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Bible: What Does Daniel 3-4 Teach Us About Faith, Deliverance, and Humiliation?
The Three Hebrew Youths
Deliverance from the Fiery Furnace
Without a doubt motivated by this vision, Nebuchadnezzar, megalomaniacal to the core, orders the construction of a golden, totem pole-like representation of himself (v. 1).
Perhaps completely disregarding the fact that the statue in his vision also possessed silver, bronze, iron, and clay elements, he says, in effect, "Let the future kings build their own idols; my image will not only have a gold head, but everything will be gold!"
Having completed the erection of his statue, Nebuchadnezzar issues a universal edict: everyone in his kingdom must worship it, or face fiery consequences (vv. 4-6).
The three Hebrew youths, of course, rebel against his wishes and meet the testing of their faith with admirable confidence in their Lord (vv. 12, 16-18).
[The narrative abounds in repetitions:
(1) the titles/positions of G-men who must attend the ceremony (A) [vv. 2-3];
(2) the fact that the king had set up an image (B) [vv. 2, 3, 5, 7, 12, 14, 15, 18];
(3) the musical instruments played prior to the worship of the image (C) [vv. 5, 7, 10, 15]; and
(4) the punishment for refusing to worship the image (D) [vv. 6, 11, 15, 17].
Why Daniel uses this particular literary device cannot be unmistakably determined.
It may be a mnemonic tool, or it may reflect the extreme rigidity of Babylonian ritualism.
The passage (vv. 2-18) follows a pattern that can be diagrammed according to the arrangement of the repetitions: A-B-A-B-C-B-D-C-B-C-D-B-B-C-D-D-B].
While casting the three Hebrew youths—Daniel is undoubtedly absent—into the furnace bound up in their clothes, certain "mighty men of valor" lose their lives as the fire from the super-heated oven engulfs them (vv. 19-23).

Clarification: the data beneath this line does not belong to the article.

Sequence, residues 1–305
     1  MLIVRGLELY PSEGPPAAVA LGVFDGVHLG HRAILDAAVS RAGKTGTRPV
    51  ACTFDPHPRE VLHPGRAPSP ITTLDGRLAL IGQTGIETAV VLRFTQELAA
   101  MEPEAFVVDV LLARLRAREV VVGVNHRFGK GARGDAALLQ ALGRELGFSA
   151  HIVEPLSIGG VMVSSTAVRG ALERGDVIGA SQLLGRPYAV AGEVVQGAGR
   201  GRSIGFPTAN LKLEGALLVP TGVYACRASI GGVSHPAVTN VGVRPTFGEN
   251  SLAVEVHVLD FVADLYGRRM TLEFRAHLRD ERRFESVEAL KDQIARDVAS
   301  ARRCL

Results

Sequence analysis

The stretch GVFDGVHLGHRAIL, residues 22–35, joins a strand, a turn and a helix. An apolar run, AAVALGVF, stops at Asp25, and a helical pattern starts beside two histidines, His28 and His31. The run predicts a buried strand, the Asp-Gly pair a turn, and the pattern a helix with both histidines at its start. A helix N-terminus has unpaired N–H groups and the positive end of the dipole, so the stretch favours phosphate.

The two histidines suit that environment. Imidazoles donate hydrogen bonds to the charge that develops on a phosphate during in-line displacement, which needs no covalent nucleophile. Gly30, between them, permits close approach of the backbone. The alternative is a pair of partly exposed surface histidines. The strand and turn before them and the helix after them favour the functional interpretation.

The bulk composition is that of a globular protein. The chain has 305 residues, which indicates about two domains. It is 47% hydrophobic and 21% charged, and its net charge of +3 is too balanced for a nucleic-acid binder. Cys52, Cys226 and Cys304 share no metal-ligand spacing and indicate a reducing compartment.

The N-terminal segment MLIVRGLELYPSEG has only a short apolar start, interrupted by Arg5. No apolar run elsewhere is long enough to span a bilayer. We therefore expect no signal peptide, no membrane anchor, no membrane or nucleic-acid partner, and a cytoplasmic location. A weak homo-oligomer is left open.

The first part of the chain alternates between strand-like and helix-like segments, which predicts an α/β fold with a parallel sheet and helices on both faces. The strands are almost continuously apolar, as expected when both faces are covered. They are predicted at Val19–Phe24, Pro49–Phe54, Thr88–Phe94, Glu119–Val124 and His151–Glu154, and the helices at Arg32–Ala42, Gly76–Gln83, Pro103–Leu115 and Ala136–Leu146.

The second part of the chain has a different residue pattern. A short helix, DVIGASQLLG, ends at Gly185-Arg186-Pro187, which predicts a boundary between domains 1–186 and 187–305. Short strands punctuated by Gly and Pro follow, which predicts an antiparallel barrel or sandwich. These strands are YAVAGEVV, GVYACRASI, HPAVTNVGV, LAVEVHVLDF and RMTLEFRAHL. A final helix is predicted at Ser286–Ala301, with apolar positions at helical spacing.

The Angel of the LORD
The Angel of Yahweh
However, God grants complete deliverance to the faithful Israelites, honoring them with His visible presence (or that of a mighty angel) in the midst of the flames (vv. 24-25).
Once he learns of the safety of the servants of the LORD, Nebuchadnezzar praises Yahweh once again (vv. 26-28).
As a reward for their bravery, the king not only protects the Jews from further persecution in the future by issuing another kingdom-wide decree, but he also promotes the three men in the province of Babylon (vv. 29-30).
[Certainly, the "story" teaches an obvious, yet nonetheless very powerful, lesson.
Because they knew their God, the Jews were absolutely willing to die for His cause rather than submit to Nebuchadnezzar's arrogant decree].
The Humiliation of Nebuchadnezzar
Chapter 4 records Nebuchadnezzar's second dream, Daniel's interpretation of it, the king's humiliation, and his eventual restoration to his throne and spiritual salvation.
[The NKJV sets the narrative in an indented (almost poetic) format].
As he begins his account, Nebuchadnezzar "salutes" the inhabited earth (v. 1).
He intends his communiqué both to testify to the great works of Yahweh on his behalf and to declare the eternality of the LORD’s kingdom (vv. 2-3).
[The king obviously allowed Daniel to record this account in order to save it for posterity’s spiritual benefit.]